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Because Angie participated in the Fantasy Camp (and I took notes and pictures), we don’t get to Tacoma until a little after 1 pm. Jamie Redd was here earlier, but had to leave to join the team for their preparations for Monday’s game. There are about 25 people in the parking lot in front of the Jack Roberts appliance store taking a lunch break. In addition to some Storm staffers and volunteers, there are 3 other groups volunteering in support of this Safe Streets project. There are some people from Old Country Buffet (including a Bee mascot), the Marilee Jones Scarbrough campaign (she’s a current member of the Tacoma City Council, running for reelection), and the Connie Ladenburg campaign (also running for a seat on the Tacoma City Council) – everybody gets a plug. Two more important plugs: Jack Roberts Appliances is donating the front of their store for the mural space, and Home Depot donated all the paint.

All of us are here in support of the Safe Streets Campaign. Since 1989, the Safe Streets organization has been working in the Tacoma area through community-based efforts to combat drug trafficking and gang violence. Check out their website for more information on their other community initiatives.

The mural, designed by Heather Schlegal (253-756-7803), depicts a park scene with a mix of people enjoying a sunny day. We find out that the people in the mural are people from the community. Heather was taking pictures of people who were coming into the store and adding them to the mural. One woman later on tells Heather that she got her son’s likeness perfectly, even with the minimal line drawing. Heather is a professional muralist and has been working at it full-time for the last year and a half. She has primarily been doing murals indoors for businesses, hospitals and private residences. Along with everyone else, Heather is donating her time on the project too. To get the mural to the point it is now, she has already been working for the past week getting it drawn in and getting the top started. She tells us that it won’t be completed until sometime in August. We plan to come back and see how it turns out.

Heather puts us to work filling in some skin tones. She gives us some really small brushes, considering the size of the wall. But, even with the small brushes, it still takes some patience to stay in the lines. She instructs us to not paint over the lines as she will need them later when she comes back in a adds in details, shading and other finishing touches. For the most part, she has the volunteers blocking in shapes with solid colors.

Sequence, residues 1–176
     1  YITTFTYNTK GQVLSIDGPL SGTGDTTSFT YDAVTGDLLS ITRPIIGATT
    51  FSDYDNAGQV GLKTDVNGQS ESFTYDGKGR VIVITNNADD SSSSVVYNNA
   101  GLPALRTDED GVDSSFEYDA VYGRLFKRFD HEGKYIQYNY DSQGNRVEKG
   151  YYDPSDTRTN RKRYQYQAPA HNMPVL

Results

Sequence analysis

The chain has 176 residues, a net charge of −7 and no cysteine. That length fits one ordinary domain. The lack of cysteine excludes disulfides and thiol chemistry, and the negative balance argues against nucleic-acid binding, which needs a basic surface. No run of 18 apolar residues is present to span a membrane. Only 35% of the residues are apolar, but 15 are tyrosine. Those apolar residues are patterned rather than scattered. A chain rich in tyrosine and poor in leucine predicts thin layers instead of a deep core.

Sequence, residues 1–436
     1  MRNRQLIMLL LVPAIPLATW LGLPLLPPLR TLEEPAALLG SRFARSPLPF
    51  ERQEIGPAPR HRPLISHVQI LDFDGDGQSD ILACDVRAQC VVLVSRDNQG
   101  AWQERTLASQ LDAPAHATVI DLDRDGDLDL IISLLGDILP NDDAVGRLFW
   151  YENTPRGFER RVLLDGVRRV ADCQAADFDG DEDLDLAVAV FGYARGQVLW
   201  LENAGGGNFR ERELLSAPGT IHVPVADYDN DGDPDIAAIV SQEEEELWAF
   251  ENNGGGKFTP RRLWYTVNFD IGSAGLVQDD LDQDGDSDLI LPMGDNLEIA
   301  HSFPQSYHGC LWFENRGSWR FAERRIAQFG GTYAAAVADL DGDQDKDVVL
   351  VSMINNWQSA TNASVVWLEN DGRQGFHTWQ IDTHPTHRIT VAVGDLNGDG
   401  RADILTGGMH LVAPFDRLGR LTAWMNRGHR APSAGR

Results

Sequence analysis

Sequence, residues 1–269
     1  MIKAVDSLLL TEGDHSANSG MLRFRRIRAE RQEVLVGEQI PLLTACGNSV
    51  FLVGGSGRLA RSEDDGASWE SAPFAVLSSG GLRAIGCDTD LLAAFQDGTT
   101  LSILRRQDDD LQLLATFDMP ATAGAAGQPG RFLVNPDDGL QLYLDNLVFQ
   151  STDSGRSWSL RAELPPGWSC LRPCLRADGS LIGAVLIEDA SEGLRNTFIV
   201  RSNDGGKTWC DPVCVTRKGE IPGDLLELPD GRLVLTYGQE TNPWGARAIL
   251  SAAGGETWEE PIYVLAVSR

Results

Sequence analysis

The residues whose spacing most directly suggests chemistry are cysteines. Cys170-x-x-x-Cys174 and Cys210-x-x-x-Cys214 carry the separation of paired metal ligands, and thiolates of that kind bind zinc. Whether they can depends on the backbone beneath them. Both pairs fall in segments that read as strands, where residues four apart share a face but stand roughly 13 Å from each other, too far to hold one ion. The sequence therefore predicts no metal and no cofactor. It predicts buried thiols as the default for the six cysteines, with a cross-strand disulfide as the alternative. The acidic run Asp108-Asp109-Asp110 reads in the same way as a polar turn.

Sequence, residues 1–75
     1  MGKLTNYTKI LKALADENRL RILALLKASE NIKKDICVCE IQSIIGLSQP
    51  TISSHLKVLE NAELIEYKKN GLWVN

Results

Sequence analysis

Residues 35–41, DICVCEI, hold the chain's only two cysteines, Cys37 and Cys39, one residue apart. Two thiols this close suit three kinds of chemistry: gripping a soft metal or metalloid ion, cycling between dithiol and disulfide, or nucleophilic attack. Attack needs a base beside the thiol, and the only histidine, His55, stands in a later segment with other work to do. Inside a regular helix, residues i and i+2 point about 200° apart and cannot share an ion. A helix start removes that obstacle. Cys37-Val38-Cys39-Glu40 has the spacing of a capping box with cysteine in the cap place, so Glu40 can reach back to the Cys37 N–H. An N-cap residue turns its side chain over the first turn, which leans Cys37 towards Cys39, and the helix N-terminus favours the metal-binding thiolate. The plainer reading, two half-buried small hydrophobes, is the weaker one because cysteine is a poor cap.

For me, it’s very relaxing to paint. It’s been awhile, so I had forgotten how good it felt. Add in being outside in the sun (part of the time anyway), talking about hoops or paint or whatever with the other volunteers, and doing something that is helping others and the whole experience turns out to be pretty fun.

During a little break, I talk to Regan Freuen (from the Storm Community Relations department) about how the Storm pick the charities or community groups they help since they probably get a lot of requests. She says that they try to find projects like this one that are creative and give the volunteers something a little different to do. Also, the Storm try to find projects that are community building in nature. Their plan is to continue doing one of these events a month throughout the year. One of their goals, in addition to helping out, is to give the fans a chance to connect outside of the game. Since this is what stormfans.org is all about, we will be going to these events ourselves and will keep all of you posted when we get any information about future events. I also find out that Regan played basketball at Stanford and was a teammate of Charmin Smith.

We get about as much work done on the mural as Heather has for us to do. We are prepared to go until the advertised 6:00 pm ending time, but since all the big areas are filled in, some of the edges are done and most of the volunteers are pooped, Heather starts to clean up the brushes and return the parking lot to its normal state. Everyone gets a big thanks from Darlene Picon, the Safe Streets representative, and we head on back to Seattle. This was a fun event and we were happy to have joined in.

 

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